Like any high-end product in demand among Chinese consumers, fine wine has seen a huge number of counterfeits in recent years. Exceptionally prone to fakes are French varieties—especially Bordeaux, which has actually declined in value compared to Burgundy as a result.
A new Bloomberg video takes a look at the various methods of faking, from the most sophisticated, such as re-bottling with empty bottles, down to the painfully obvious, such as making up vineyards that don’t even exist.
“Since China is the biggest consumer of Bordeaux wines, and China is historically well-known for counterfeiting a lot, we can find a lot of counterfeits in China,” says one expert interviewed.
Actually, fake wine can certainly be found anywhere, and many experts believe that it’s more prevalent in the West than buyers let on because no one wants to admit to being duped. However, the problem is especially prominent in China, where one expert estimated that 70 percent of the bottles he came across in China were fake.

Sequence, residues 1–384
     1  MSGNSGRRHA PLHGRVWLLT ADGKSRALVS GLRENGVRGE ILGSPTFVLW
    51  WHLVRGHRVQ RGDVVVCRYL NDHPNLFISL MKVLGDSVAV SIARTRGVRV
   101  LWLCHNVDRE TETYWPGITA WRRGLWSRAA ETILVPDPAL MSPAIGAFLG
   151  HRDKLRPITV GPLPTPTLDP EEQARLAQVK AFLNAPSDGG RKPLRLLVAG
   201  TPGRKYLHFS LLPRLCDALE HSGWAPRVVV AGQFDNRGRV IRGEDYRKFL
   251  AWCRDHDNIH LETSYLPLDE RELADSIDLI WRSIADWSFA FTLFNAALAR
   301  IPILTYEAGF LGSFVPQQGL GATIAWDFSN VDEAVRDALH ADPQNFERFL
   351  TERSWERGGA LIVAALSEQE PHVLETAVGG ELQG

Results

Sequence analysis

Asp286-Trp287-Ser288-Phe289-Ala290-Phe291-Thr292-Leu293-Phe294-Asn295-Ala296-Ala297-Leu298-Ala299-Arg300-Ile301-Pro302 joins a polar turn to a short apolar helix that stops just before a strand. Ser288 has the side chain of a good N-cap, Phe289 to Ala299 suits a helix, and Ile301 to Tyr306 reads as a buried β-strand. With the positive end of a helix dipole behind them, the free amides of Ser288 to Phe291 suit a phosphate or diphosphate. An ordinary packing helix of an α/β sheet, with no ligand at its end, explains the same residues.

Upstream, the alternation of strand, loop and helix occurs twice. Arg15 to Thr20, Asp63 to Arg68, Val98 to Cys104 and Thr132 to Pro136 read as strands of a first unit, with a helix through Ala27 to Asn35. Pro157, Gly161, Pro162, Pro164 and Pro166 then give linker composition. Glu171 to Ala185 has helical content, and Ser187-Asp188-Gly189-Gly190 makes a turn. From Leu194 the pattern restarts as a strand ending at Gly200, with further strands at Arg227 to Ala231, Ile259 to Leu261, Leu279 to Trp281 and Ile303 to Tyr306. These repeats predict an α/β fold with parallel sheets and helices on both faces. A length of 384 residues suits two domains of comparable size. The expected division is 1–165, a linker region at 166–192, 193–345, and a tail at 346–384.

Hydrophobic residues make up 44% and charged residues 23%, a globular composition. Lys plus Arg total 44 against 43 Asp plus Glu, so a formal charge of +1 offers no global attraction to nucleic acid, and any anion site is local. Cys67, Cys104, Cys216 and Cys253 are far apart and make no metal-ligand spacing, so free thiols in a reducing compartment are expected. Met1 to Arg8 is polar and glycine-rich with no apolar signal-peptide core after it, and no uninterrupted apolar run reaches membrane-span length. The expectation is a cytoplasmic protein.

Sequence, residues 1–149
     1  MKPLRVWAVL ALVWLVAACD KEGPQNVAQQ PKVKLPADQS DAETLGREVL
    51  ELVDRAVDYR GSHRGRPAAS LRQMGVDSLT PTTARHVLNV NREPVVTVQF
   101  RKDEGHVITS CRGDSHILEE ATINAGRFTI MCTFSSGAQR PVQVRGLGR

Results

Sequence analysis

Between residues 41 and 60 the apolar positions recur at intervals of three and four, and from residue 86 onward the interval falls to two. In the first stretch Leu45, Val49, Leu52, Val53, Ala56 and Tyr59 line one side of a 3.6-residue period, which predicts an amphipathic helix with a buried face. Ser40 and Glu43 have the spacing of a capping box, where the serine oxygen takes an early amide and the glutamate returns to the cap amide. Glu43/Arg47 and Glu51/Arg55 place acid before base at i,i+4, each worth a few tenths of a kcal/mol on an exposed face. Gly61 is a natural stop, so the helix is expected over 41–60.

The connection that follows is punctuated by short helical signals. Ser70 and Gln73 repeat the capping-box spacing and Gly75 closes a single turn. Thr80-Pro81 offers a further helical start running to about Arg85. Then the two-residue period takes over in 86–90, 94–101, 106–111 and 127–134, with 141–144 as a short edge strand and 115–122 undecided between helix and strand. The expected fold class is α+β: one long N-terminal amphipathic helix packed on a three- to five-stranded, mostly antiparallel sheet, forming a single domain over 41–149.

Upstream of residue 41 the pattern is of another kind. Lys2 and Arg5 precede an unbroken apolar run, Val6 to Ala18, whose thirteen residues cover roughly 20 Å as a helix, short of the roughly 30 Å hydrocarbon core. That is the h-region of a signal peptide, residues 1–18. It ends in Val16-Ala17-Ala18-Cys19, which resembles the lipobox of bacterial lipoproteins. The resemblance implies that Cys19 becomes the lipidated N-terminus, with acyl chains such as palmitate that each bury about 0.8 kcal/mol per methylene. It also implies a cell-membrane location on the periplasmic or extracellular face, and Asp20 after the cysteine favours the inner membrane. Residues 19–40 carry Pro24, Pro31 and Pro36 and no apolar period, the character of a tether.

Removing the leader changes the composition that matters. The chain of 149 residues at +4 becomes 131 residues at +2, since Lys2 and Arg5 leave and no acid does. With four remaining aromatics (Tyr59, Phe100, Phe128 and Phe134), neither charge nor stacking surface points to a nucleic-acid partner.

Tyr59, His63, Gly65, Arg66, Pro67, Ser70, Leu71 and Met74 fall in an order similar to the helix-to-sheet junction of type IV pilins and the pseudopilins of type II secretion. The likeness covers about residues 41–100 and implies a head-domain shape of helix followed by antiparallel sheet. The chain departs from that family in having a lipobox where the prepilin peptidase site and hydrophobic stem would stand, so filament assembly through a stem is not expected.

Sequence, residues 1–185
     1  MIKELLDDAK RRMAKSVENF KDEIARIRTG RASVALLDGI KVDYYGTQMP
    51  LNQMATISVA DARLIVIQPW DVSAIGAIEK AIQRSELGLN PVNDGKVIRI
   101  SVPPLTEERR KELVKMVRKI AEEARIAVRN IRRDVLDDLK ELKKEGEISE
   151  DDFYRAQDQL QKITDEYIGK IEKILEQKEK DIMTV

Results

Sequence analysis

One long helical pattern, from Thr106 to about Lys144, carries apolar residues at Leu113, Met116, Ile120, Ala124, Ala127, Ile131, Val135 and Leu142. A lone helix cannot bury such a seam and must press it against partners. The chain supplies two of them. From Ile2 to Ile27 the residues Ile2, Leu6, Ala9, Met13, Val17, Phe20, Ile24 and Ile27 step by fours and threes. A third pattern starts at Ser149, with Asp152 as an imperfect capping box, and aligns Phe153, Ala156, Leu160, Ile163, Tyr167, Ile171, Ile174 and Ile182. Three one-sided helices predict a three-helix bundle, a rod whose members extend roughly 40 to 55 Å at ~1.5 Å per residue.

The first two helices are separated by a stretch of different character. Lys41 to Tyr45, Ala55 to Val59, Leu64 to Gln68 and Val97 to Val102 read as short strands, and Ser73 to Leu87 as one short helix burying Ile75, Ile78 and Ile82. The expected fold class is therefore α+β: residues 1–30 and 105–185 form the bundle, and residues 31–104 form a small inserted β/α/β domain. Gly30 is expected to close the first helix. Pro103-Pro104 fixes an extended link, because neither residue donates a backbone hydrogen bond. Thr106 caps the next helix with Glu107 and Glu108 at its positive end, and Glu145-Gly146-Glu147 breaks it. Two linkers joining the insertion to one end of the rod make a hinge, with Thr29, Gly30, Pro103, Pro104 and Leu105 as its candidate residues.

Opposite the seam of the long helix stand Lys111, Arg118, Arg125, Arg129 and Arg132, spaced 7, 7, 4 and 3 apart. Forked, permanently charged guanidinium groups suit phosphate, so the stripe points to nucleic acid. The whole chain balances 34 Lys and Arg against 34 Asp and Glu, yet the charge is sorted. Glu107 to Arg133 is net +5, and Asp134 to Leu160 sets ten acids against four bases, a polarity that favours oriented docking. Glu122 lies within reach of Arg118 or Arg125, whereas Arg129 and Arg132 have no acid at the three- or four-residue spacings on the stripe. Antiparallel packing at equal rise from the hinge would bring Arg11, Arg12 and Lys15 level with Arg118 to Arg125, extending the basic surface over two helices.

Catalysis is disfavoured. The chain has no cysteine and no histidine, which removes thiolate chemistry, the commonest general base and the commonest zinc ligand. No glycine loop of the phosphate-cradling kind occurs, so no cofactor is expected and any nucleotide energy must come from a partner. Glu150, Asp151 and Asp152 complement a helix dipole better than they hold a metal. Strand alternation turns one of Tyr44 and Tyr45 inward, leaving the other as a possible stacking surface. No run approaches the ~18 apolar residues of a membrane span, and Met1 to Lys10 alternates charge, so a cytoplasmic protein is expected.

Luckily, Chinese consumers are becoming more knowledgeable about wine, and thus better at spotting fakes. To counter the more sophisticated methods, vineyards are able to employ technology such as QR codes on their new bottles, although this is clearly a solution for the future, and not for countering fakes of older vintages. Watch the video embedded above for visuals of both fakes and the new methods to counter them.